One of the many things I love about late summer are the throngs of colorful, star-shaped flowers that pop up all over the landscape. Most of us are familiar with the yellow ones (sunflowers). But did you know that the same family also produces flowers in purple, red, pink and white? These plants are all part of the Aster family, Asteraceae, the largest and most diverse group in the plant kingdom. Continue reading
Long before it became a trending food, flowering kale was a garden star, delivering a pop of color to fall’s graying landscape. The plant is not only prized for its striking foliage but it’s also one of just a few species that thrives in cold weather. In fact, flowering kale likes cold temperatures so much that it often stays attractive well into winter. I can’t think of a better choice for fall gardens and containers. Continue reading
Annuals for the cutting garden/Photo: Julie Hove Anderson Photography
As a landscape designer, I’m well versed in perennials and the kind of annuals you buy from a nursery. But when it comes to growing annuals from seeds, my experience lies mainly with zinnias. So recently, I was delighted to attend a webinar hosted by ButterBee Farm owner Laura Beth Resnick on the top annuals she grows for her cutting gardens. Continue reading
Now that we’re all spending more time at home, it can’t hurt to know what’s blooming. And finding the answer is easier than ever with one the many plant identification apps available. But which ones work best and provide the fastest, most reliable data? To find out, I decided to do a side-by-side comparison. Continue reading
Cool-season flowering plants
In my view, autumn doesn’t have to spell the end of the show in the garden. Fall containers offer countless ways to still enjoy seasonal splashes of color. Moreover, these mini gardens no longer have to be all about flowering kale or mums. With a little ingenuity, you can create autumn planters every bit as beautiful as their lush summer cousins. Continue reading
Lespedeza. Judging by the sound of it, you’d think it was an island off the coast of Italy. The plant that bears its name certainly looks Mediterranean. Yet, I had never heard of this magnificent, fall-blooming shrub until a client of mine showed me a pair in her garden. Here’s why I’ve been a fan ever since. Continue reading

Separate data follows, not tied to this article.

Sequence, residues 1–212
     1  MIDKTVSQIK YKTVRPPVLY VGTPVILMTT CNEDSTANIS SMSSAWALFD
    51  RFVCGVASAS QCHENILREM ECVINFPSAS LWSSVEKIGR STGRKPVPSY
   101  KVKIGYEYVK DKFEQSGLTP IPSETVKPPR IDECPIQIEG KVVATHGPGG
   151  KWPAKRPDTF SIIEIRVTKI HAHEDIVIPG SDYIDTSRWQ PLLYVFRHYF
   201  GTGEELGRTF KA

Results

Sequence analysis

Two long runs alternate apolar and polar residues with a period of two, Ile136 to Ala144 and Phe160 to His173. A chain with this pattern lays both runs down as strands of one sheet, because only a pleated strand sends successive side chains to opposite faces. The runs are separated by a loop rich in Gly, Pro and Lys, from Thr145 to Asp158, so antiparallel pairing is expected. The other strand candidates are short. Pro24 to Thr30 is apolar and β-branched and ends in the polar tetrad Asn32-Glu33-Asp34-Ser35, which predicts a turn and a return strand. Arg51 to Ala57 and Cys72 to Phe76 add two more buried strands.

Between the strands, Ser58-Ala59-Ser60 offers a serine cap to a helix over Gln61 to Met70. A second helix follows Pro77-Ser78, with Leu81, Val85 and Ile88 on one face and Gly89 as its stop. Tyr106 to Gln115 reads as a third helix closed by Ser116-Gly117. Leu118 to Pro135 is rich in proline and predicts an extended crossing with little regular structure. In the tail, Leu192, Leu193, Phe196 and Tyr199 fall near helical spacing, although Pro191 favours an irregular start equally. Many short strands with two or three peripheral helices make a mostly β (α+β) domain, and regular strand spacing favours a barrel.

Are you searching for a dependable plant for your late-summer garden? Then look no further than sedum ‘Autumn Joy.’ Come August, its flowers are just starting to adopt a rosy pink hue. Moreover, the blooms last for weeks, eventually turning a dusty red that’s the perfect compliment to fall. Continue reading
Just the other day, I was working with a bunch of Master Gardeners preparing a garden for the county fair when one of them noticed a bare space. Sure enough, in one of the central beds, a group of plants had recently given up the ghost on a prominent corner. In no time, we all agreed that a lacy evergreen would be the perfect replacement. And that’s when I suggested chamaecyparis. Continue reading
Most flowering plants need lots of sun to keep on blooming. Still, over time, the blooms often start to diminish. That’s where deadheading can make all the difference. Not only does it keep plants looking neat, but it also promotes new growth and re-flowering. And, there’s nothing quite like getting a plant to re-bloom that otherwise looks done for the season.
WHAT IS DEADHEADING?
Simply put, deadheading is the practice of removing spent (dead) flower heads from a plant.
Dried poppy seed heads
All plants follow the same life cycle; that is, they grow, produce flowers, set seeds and die. No sooner do the blooms fade, and a plant turns its energy to setting seed. That said, by removing spent blooms, you can delay production of seeds. This in turn redirects energy to flowering. The result is a healthier, more vigorous plant that blooms for a longer period of time.
HOW TO DEADHEAD
Regular deadheading benefits all blooming plants. However, the world of flowers is diverse and many species require their own specific methods. Here are tips on how to deadhead six key types of flowering plants:
Clusters of flowers with leaves on their stems
Purple garden phlox
These types of flowers include tall, leggy plants like phlox, yarrow, daisies. To keep your plant looking neat, remove the spent flowers just before they die back completely.
A good rule of thumb is to reach into the plant and prune the spent flowers back to the first or second set of leaves. This not only helps hide the cut, but it also encourages the plant to bush out as it produces new blooms. I vary the lengths at which I cut to keep the plant shapely.